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Iran Response Keeps Door Open For Deal

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Iran has delivered a formal response to the EU's proposed "final text" of a new nuclear deal, with the country's foreign minister saying it could lead to an agreement in the coming days.

However, Foreign Minister Hossein Amir Abdollahian indicated that Iran’s response – which was delivered early on Tuesday after it had been debated by the Supreme National Security Council -- would not be Tehran's final word, and that Iran still expected the US to make further compromises, according to Iranian media reports.

In Washington, State Department spokesman Ned Price gave no indication that Iran and the US were any closer to resolving their differences.

"The issues that the Iranians have put on the table are clearly extraneous to the four corners of the JCPOA," Price told reporters during a press briefing, referring to the earlier Iran nuclear deal agreed in 2015.

EU foreign policy chief Josep Borrell announced his proposed final text on Aug. 8 and said that Tehran and Washington must either accept or reject it.

Borrell — who has coordinated indirect negotiations between the US and Iran in Vienna — had set Aug. 15 as an unofficial deadline for the two countries to respond.

Flexibility Needed

"If the American response is realistic and flexible, an agreement will be reached, and if the US does not show flexibility, we should talk more," Amir Abdollahian was quoted as saying by Iranian media on Monday, before Tehran submitted its written response.

Amir Abdollahian said there were still three outstanding issues to be addressed, indicating that the US side had shown flexibility "verbally" on two of them, but that Iran needed this to be put in writing.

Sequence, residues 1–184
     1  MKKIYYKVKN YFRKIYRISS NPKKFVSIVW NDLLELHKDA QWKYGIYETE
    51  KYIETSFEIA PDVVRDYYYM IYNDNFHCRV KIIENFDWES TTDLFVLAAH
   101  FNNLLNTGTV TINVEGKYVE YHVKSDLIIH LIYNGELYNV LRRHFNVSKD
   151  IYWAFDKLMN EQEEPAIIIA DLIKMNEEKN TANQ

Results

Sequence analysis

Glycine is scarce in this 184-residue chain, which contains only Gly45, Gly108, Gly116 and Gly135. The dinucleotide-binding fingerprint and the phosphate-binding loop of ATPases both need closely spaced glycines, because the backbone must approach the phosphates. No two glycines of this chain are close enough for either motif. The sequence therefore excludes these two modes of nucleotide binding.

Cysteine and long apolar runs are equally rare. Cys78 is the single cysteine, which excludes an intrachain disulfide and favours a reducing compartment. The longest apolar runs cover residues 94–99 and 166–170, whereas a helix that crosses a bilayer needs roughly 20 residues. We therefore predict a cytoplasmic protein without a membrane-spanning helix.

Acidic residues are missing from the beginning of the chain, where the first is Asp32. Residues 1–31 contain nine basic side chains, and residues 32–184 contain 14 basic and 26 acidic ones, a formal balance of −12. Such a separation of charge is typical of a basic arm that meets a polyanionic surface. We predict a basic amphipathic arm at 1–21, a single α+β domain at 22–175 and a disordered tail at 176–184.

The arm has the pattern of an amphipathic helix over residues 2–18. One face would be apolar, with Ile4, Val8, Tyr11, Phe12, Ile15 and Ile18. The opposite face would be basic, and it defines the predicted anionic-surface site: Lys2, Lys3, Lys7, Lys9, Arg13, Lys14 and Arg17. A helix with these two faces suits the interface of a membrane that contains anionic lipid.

He added that Washington also needed to show more flexibility on the third issue, namely guarantees relating to sanctions relief if an agreement is reached.

"If America shows flexibility, we will reach an agreement in the coming days," he said.

Price reiterated the Biden administration's position that diplomacy remains the most effective tool for constraining Iran's nuclear program.

However, he added that if Iran does not accept a mutual return to compliance with the terms of the earlier nuclear deal, the US will continue to vigorously enforce sanctions and apply other types of diplomatic pressure.

EU Mediation Effort

The EU has tried to broker a revival of the 2015 nuclear deal that is formally known as the Joint Comprehensive Plan of Action (JCPOA).

That agreement imposed strict curbs on Iran's nuclear program in return for the lifting of international sanctions.

The US withdrew from the agreement under former President Donald Trump in 2018 and the US then unilaterally reimposed sanctions on Iran, with other countries keeping their distance from Iran for fear of being punished by Washington.

High energy prices and a severe gas shortage in Europe — with an embargo on Russian crude imports set to start in December — have prompted the EU to try to nail down a new deal after more than a year of negotiations in Vienna.

Under its "breakthrough" scenario, which envisages a revival of the 2015 agreement and a lifting of restrictions on Iran's oil exports, Energy Intelligence's Research & Advisory unit sees Iranian exports rising to around 2 million b/d by June 2023.

With US sanctions currently scaring most countries away from Iranian oil, analysts estimates of Iran's current exports range from 600,000 b/d to 900,000 b/d, most of which is believed to go to China.

While it remains unclear whether an agreement may yet be reached to revive the JCPOA, some oil traders believe that tight oil supplies and high prices will encourage the US to compromise to push a deal over the line.

"The world needs additional molecules, so it will happen," said one veteran London-based crude trader, who noted that, without additional oil supplies, Europe faced "a very harsh winter."

"The Russian [oil] flows will be redirected, so the Russians are no longer concerned about Iran’s return [to the market]. Plus … Opec is maxed out on production bar Saudi [Arabia] and the United Arab Emirates."

"Now is the time for Iran to come back," the trader added.

Topics:
Nuclear Policy, Sanctions, Opec-Plus Supply , Oil Demand, Oil Supply
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